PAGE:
Brian Anderson

National Energy Technology Laboratory

Director

Dr. Brian J. Anderson is the Director of the National Energy Technology Laboratory (NETL) of the Department of Energy. He manages the complete NETL complex, including delivery and execution of the Laboratory’s mission. Dr. Anderson leads NETL’s national programs, in fossil energy and other DOE mission areas, with industry, universities, and national laboratories. Dr. Anderson began his career as an assistant professor in the department of chemical and biomedical engineering at West Virginia University. He is a recognized expert in natural gas hydrates, unconventional oil and gas development, and clean energy technologies. In 2014, Dr. Anderson founded the WVU Energy Institute, focused on advancing technology through research, development, and demonstration within the energy industry. Dr. Anderson has a long history of working with DOE to advance energy technologies. For his work in natural gas hydrates and carbon dioxide sequestration, he received the 2012 Presidential Early Career Award for Science and Engineers, and he received the Department of Energy Secretary Honor Award for his work with DOE in response to the BP Deepwater Horizon oil spill. Dr. Anderson holds a B.S. in chemical engineering from WVU, and an M.S. and Ph.D. in chemical engineering from the Massachusetts Institute of Technology.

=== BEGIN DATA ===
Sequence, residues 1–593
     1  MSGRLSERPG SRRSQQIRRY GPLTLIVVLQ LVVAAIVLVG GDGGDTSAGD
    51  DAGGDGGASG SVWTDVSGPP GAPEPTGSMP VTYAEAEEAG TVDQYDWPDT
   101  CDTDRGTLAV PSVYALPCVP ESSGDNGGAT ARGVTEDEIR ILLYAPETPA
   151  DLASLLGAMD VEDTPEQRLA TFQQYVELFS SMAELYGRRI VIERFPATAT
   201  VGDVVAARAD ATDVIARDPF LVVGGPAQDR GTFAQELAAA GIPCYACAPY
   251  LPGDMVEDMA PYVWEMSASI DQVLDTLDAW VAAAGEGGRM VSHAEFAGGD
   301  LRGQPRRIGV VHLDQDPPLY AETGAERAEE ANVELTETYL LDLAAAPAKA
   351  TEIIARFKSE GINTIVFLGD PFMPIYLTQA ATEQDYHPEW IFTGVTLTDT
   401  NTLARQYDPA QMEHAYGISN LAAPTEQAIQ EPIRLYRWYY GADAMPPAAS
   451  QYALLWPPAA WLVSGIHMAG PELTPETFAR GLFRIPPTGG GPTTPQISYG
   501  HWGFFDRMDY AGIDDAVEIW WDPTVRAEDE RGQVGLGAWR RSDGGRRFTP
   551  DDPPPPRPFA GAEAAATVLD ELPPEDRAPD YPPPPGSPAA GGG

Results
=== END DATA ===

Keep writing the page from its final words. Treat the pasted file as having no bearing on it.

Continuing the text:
Sessions With Brian Anderson

Thursday, 4 March

  • 11:00am - 11:30am (CST) / 04/mar/2021 05:00 pm - 04/mar/2021 05:30 pm

    Voices of Innovation

    Voices of Innovation: National Labs

    Panel Innovation & Technology
    As the global energy system shifts towards a low-carbon future, new technologies will be needed—to provide affordable carbon-free energy, to integrate an increasingly complex energy system and to develop new pathways for production and recovery of materials. The network of US National Laboratories occupies a unique position in advancing these technologies. What are some of the most promising innovations in the National Labs? What is their role in enabling the shift to net-zero?